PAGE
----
Who knows? Maybe that is what the church should be about–encouraging and teaching people that we already have the power within us to face the challenges of life, as well as to bring peace and justice to the planet. And since people have different names for that power, we should celebrate our different understandings of that power rather than try to establish our understanding as the Truth.

Yes, people are learning that sometimes the church isn’t always as it appears from the outside. And that knowledge is painful at times, too. At the same time, I believe some of what we’re learning is potentially life-giving and freeing. Who knows? Maybe some of what we’re learning is even salvific.

If we’re willing to keep pulling back the curtains, that is.

Breaking Up is Hard to Do

This week I stated reading Paul Rasor’s “Faith Without Certainity: Liberal Theology in the 21st Century.” Although I have only finished the somewhat lengthy introduction and am now about 1/4 way through chapter one, I can already say this book is challenging me in positive ways.

First, I thoroughly enjoy Rasor’s definitions of religion and theology. He states: “The term theology is often associated with arcane and academic or technical concepts that focus on abstract doctrines. But the purpose of theology is really quite simple. If religion is about the large-scale world pictures that orient us in the universe and help give our lives meaning and purpose, then theology is about examining those worldviews and the assumptions that go into them.”

What I like most about these definitions is they recognize the fact that everyone is a theologian at one time or another–including people who either question–or who do not believe in the existence of–any representation of the divine. That is, we all have questions about things like how life works, why life isn’t always fair, the ultimate meaning of life, and if there is anything beyond our current existence. One way of looking at religion then is our viewpoints represent those large-scale world pictures; and when we examine those pictures, we are doing theology. As Rasor reminds us, “our struggle and our outrage are always grounded somewhere.” And I would add, whether that grounding is in what some of us call “God” or not. So for me, identifying that grounding is “doing theology.”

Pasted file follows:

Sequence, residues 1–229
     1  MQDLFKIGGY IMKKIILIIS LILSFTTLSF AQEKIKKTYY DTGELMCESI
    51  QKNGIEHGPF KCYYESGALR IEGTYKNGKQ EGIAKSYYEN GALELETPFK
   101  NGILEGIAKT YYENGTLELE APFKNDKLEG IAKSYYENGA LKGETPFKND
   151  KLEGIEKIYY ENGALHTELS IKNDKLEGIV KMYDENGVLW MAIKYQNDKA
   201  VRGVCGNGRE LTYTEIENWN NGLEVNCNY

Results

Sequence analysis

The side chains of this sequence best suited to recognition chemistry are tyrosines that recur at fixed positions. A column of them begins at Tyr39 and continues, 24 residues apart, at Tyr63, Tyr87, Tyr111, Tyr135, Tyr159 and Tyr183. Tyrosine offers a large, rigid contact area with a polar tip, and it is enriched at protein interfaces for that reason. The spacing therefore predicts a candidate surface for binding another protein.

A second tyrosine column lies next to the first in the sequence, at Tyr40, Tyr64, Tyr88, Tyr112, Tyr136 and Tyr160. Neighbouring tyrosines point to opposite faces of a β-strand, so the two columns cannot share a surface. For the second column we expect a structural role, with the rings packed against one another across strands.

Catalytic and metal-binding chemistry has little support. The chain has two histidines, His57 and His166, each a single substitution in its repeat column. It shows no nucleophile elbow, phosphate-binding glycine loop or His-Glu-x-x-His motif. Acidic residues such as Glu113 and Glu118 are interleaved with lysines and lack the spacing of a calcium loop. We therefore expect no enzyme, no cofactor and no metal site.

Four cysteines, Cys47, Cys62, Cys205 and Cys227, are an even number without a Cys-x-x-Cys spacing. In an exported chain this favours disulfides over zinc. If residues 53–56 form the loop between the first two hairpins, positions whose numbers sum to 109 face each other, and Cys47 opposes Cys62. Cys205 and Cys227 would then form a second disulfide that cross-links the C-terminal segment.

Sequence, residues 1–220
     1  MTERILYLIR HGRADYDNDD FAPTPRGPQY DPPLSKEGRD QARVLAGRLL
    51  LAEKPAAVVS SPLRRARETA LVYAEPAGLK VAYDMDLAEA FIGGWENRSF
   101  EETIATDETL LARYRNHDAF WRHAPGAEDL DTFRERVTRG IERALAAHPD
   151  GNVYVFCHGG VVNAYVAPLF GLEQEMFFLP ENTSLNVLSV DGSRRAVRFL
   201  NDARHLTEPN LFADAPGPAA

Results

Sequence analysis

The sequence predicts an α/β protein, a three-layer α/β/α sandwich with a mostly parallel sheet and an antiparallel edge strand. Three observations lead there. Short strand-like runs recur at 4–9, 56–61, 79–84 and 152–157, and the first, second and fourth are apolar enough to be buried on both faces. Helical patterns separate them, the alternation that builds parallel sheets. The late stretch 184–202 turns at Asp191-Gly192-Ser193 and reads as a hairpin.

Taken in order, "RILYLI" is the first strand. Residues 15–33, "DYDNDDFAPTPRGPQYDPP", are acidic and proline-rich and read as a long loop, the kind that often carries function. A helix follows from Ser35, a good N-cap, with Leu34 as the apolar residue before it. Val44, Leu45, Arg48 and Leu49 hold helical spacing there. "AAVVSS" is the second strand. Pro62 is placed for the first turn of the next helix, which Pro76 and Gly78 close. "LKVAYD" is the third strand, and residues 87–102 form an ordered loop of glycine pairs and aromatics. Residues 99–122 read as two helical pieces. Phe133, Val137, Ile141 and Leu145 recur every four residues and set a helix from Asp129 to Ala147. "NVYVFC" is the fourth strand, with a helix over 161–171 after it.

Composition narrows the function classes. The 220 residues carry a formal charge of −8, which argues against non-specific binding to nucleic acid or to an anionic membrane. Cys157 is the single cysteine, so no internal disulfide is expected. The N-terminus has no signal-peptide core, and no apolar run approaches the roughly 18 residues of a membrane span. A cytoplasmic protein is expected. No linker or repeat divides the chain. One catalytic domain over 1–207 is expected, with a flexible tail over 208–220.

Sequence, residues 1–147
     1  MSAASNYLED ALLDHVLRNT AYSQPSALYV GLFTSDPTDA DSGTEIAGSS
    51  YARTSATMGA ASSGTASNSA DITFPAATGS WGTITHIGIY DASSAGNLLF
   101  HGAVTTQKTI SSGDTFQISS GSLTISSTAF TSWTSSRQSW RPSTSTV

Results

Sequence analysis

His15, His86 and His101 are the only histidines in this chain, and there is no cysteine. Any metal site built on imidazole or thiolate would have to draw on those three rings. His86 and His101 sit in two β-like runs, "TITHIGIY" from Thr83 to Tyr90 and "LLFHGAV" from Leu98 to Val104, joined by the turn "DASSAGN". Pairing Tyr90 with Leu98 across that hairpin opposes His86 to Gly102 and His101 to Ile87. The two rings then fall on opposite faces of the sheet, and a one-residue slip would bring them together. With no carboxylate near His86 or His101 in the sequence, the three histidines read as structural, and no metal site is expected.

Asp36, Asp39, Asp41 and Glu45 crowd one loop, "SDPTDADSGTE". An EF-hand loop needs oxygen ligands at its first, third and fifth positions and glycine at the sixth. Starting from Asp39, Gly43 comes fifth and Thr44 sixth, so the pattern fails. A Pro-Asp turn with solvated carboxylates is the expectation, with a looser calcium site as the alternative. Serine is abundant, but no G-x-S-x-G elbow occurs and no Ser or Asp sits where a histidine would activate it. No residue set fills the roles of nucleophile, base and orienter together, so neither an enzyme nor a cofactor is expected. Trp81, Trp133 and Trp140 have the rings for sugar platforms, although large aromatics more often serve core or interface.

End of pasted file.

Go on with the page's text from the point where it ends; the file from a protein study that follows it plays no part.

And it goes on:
Another quote from Rasor I like is: “Theology is not something we do just with our heads. We must also use our hearts and guts, as well as our hands and feet.” To me, that means theology is something we think about, feel, and is reflected in the words and actions of our lives.

Now, an integrity (or wholeness) of thought, feeling, and action is a “trinity” in which I can believe.

So how does my appreciation of Rasor’s viewpoints regarding religion and theology relate to the title of this post, “Breaking Up is Hard to Do?”

Well, if–as Rasor asserts–“liberal theology is characterized by the belief that human religiousness should be understood from the perspective of modern knowledge and experience”–and if we acknowledge that our knowledge and experiences evolve and change over time, it follows that many of us are going face the prospect of “breaking up” with some of our most cherished and deeply-held beliefs at one time or another in our lives.

And as Neil Sedaka reminds us, “Breaking Up is Hard to Do.”

For some, these changes involve breaking up with the idea of a supernatural being who controls every detail of our existence and has a specific plan for every person who ever has, and who ever will, live. Some  have broken up with the ideas of Jesus being literally God Incarnate, as well as literal intepretations of heaven, hell, virgin birth, miracles, resurrection, the rapture and second coming of Jesus, and an inerrant bible.

Some people are even breaking up with the idea of worshipping God as we often do now. By that comment, I mean there are people who are questioning not so much the existence of mystery that is beyond our comprehension, but why we continue to relate to that mystery much like our ancient ancestors did: offering thanks often out of fear of punishment or to gain favor not only in this life, but hopefully in the afterlife as well. I mean, we may not actually believe a lot of what we’re saying in these worship services; but hey, it can’t hurt to hedge our bets, can it?

Now before anyone thinks I am poking fun at certain beliefs, let me be clear that I respect all peaceful paths to truth and understanding. So if the beliefs I mentioned above are part of your path, blessed be–seriously. At the same time, these same beliefs are no longer useful for many people–including me. Rasor points out that “what we long for is a theology that both makes sense and feels right. Until we find this, we haven’t finished our naming process. And when we do finally get the intellectual and spiritual dimensions in sync, our theology becomes not just a label but a resource, a grounding for spiritual practice, for social critique, even for healing.”

So know that if you are in the process of a religious/theological break up, you are not alone. And while break ups are often a painful process, there is often hope somewhere deep in the midst of that pain just waiting to be born. Finally, if you will allow me one more musical reference, from the group “Shinedown:”

“Sometimes good-bye is a second chance.”